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    Japanese Metal Halide Spotlights

    We get many messages regarding our lights and lately they seem to be generating more e-mails than usual. Here’s some more information: The  bulbs we use are a spotlight with a 150w HQI bulb built into a typical spot reflector. The bulbs themselves have a dichroic coating that cuts UV and bounces IR out the […]

    We get many messages regarding our lights and lately they seem to be generating more e-mails than usual. Here’s some more information:

    The  bulbs we use are a spotlight with a 150w HQI bulb built into a typical spot reflector. The bulbs themselves have a dichroic coating that cuts UV and bounces IR out the back… it also gives them the beautiful blue gleam. Here’s a photo of one of the spots while turned off.

    MH Off

    A cool feature about the bulbs we are currently using is that they have a “dual spot” or a spot within a spot. By this we mean the overall temperature is ~10,000K while the middle has a tighter spot that is ~14,000K. This works great for targeting Blue and Purple corals, and still making greens and pinks pop from the 10,000K light surrounding.

    Here are two images of the light on and you can see the different color temperatures emitted from the bulb.

    MH On 1

    MH On 2 

     

    When it comes time to replace the bulbs we will be trying a bulb with the opposite effect, as shown below. 

     MH Dual Spot

    We are only using 2 150w Spotlights and they light up our entire tank very well. Even corals placed on the bottom of our 24in tall tank get good coloration.

     MH Above

    One thing to keep in mind is the 2ft distance from the bulbs to the top of the tank. This means some corals are 4ft away from the bulb and still growing well and showing blue and purple coloration! With some changes in mind, we will be lowering the light rack by ~6in which will give higher PAR and should result in even better coloration.

    The best ability these lights have is directability– you can angle and direct them so the light goes where you want it. By directing the light to hit the front side of the corals you can cause them to develop pigments on the sides, which is what you see when looking at them through the glass.

    Think how beautiful your SPS look when viewed from the top down. This is the same thing. We’ve tried different angles and it can drastically effect coloration. We plan on adding a couple more so we can increase this effect. 

    There you have it; We’ll be posting more information at a later time, but this is all for now. For the 8 months we have used these lights we are very pleased and can’t imagine going back to normal Metal Halides anytime soon.

    7 Comments

    1. matt s
      July 13, 2008 at 12:28 AM | Permalink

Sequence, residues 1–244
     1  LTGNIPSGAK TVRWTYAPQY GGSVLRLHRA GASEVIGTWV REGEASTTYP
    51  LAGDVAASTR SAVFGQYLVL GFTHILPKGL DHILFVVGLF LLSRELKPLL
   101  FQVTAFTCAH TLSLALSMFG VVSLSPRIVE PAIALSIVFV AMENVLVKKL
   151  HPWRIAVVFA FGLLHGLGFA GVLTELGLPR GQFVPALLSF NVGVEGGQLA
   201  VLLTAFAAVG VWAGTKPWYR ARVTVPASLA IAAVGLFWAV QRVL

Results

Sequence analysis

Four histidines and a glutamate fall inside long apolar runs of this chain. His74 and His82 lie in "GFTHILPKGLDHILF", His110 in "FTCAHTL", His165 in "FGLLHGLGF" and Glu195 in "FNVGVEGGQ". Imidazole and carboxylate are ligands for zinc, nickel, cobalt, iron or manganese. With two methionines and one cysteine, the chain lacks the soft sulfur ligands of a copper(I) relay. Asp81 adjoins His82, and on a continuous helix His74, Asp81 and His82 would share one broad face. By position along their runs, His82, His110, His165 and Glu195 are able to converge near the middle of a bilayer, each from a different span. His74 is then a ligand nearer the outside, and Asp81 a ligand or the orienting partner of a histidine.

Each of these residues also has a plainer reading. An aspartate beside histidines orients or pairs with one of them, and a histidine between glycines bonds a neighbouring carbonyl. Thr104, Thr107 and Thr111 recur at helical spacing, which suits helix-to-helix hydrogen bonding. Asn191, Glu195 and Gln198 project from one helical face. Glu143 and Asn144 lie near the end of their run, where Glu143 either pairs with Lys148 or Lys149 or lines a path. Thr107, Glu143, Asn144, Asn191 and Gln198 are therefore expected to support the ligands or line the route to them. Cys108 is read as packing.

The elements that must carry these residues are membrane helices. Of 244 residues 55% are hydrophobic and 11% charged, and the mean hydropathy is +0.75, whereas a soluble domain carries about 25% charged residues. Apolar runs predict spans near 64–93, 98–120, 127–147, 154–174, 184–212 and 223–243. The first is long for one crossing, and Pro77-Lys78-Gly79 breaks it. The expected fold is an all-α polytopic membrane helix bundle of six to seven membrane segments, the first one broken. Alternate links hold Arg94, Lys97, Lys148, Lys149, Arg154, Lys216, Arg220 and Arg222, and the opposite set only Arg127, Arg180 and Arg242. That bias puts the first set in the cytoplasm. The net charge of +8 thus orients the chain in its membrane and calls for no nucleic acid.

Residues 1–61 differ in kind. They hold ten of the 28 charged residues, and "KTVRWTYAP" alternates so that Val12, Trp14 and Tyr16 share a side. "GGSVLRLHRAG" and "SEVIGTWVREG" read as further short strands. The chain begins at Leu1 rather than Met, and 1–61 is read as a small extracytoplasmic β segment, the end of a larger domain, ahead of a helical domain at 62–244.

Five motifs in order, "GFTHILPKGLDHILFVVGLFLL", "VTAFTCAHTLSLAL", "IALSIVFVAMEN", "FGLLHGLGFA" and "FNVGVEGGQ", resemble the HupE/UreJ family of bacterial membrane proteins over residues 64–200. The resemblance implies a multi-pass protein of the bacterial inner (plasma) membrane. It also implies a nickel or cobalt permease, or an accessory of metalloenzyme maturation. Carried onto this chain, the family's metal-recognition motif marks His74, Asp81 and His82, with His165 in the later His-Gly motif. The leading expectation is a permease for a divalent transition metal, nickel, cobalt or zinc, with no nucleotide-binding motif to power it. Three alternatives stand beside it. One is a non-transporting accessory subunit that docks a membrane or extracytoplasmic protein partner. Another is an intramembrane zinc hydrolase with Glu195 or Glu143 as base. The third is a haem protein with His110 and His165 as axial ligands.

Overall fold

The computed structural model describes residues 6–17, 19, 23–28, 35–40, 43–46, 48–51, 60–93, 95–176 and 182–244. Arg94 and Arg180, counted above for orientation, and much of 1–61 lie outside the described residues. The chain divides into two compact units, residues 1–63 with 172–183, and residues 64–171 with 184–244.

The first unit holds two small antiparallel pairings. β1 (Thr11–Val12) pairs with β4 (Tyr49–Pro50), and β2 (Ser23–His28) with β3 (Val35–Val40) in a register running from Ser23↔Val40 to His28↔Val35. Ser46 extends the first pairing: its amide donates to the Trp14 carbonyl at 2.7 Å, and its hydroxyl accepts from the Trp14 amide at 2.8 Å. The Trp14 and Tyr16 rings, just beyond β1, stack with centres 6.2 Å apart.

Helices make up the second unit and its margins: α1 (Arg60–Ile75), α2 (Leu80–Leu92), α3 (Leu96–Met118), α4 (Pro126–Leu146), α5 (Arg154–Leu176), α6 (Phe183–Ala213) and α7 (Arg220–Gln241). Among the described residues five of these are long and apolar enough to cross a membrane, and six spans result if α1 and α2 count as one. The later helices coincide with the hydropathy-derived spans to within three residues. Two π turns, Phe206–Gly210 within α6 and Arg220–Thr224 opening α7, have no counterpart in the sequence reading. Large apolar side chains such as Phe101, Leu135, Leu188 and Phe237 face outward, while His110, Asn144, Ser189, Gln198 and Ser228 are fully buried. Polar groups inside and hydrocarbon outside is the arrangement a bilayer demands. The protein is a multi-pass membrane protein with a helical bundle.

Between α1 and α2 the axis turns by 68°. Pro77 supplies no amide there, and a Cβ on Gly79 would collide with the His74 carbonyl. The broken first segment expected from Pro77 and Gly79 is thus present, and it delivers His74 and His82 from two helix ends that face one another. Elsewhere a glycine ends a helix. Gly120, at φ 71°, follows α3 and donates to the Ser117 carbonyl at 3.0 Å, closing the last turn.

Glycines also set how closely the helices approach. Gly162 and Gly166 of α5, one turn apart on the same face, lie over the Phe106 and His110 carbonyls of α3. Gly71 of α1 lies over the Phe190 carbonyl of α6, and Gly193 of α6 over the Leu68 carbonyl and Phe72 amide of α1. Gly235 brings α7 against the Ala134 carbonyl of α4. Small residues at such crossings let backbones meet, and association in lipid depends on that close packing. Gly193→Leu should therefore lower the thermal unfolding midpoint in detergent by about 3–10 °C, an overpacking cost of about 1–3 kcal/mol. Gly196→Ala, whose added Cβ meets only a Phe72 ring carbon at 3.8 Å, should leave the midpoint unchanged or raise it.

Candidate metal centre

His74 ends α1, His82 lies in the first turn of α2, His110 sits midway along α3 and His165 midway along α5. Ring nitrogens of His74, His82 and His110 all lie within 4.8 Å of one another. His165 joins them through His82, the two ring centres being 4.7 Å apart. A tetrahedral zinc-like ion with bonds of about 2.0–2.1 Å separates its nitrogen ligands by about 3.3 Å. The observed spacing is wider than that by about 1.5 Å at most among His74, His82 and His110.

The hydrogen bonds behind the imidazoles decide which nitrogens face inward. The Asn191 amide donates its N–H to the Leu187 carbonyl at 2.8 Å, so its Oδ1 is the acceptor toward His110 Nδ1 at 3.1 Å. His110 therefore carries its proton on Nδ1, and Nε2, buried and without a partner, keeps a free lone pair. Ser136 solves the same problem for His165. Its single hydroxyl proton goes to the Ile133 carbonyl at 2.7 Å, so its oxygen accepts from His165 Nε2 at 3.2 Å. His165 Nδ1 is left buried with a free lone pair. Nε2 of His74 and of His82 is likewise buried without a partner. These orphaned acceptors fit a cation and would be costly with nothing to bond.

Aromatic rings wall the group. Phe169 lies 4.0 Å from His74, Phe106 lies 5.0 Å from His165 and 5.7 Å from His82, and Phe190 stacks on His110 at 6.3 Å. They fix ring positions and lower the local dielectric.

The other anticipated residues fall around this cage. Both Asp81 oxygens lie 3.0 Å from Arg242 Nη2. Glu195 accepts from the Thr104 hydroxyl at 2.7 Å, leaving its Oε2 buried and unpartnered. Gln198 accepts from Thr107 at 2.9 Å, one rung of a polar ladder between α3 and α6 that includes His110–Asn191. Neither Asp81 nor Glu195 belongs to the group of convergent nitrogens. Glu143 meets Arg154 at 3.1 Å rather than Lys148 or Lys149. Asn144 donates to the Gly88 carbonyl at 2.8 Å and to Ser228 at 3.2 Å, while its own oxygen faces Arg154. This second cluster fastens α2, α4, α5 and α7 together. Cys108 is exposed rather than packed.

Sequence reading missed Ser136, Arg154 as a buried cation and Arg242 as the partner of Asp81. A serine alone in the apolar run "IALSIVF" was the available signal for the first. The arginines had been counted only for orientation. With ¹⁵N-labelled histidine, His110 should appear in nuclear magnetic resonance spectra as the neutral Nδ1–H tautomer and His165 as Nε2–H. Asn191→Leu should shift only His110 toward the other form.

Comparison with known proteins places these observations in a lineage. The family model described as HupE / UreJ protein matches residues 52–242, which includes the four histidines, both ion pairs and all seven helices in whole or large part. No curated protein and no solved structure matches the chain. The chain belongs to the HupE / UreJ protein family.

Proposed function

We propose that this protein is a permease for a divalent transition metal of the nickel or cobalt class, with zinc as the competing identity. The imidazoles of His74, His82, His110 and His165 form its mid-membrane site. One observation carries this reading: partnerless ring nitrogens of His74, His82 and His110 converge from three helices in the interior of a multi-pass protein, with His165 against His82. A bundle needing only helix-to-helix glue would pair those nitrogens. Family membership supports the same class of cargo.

I’d love some more details on where you got these spotlights / the construction (sorry if you’ve already covered it).

      Thanks!

    2. Felix
      July 13, 2008 at 1:42 PM | Permalink

      Great info…

      Felix-

    3. Lucas M
      July 14, 2008 at 1:56 PM | Permalink

      In the old Japanese tank threads there were pictures of bulbs like these in pink. Have you tried those?

    4. July 14, 2008 at 4:59 PM | Permalink

      Matt,
      We’re keeping the fixtures under wraps for now. Ours were a custom job, but we’re trying to get them available to others in the near future. Hang tight.

      Felix,
      Welcome back 😉 Glad to hear it was work that’s kept you busy. We hope you’ve been well.

      Lucas,
      Yes they do make them pink, but we have not tried them. We’re trying to keep the the electric consumption of our tank as low as possible and currently we do not have enough Pink or Red corals in our system to devote an entire pink metal halide. However, we do use a red LED spot to emphasize the coloration on our pink Birdsnest.

    5. jack
      July 17, 2008 at 12:59 PM | Permalink

      Your tank is always so clean! That “dual spot” sounds like it would work great.

    6. pmason
      October 10, 2008 at 11:37 AM | Permalink

      Super lights, could you please let us know where we can buy? online/link/etc… pretty please? Thanks in advance!

    7. Marek
      May 22, 2009 at 2:53 PM | Permalink

      I want one the questions this i want buy in the Europe??

    7 Trackbacks

    1. […] The spotlights allow him to find just the right intensity and color temperature for each coral in his system, but he does admit they also make his tank showy. Nothing wrong with that.  […]

    2. […] the fish. You can see the brighter areas in the back on the Chips (A. horrida) and A. nana. The lighting is very focused and creates some great shadows and […]

    3. […] have been very pleased so far. Here’s a shot from early this morning with only one deep blue Superkaru spotlight on in the back (…think ~50K color temperature). For how inexpensive this camera is, the low […]

    4. […] In addition to the 3×250 DE Metal Halides, the aquarium is surrounded by 13 blue LED track spotlights and 2×150w Metal Halide SPAX fixtures utilizing Superkaru lamps. While the Metal […]

    5. […] from Japan the lighting does not dissapoint. Anagonbe ustilizes 3×150w Superkaru fixtures using two Deep Blue and one Aquablue lamp. (We use a similar combination, except for one […]

    6. […] in the MT series) the other 2 were 14K BLVs. In addition to this core lighting Yasuhiro utilized 3 Superkaru 150w metal halide spotlights, two deep blues (50K) and one […]

    7. July 27, 2009 at 10:57 PM

      […] in the MT series) the other 2 were 14K BLVs. In addition to this core lighting Yasuhiro utilized 3 Superkaru 150w metal halide spotlights, two deep blues (50K) and one […]

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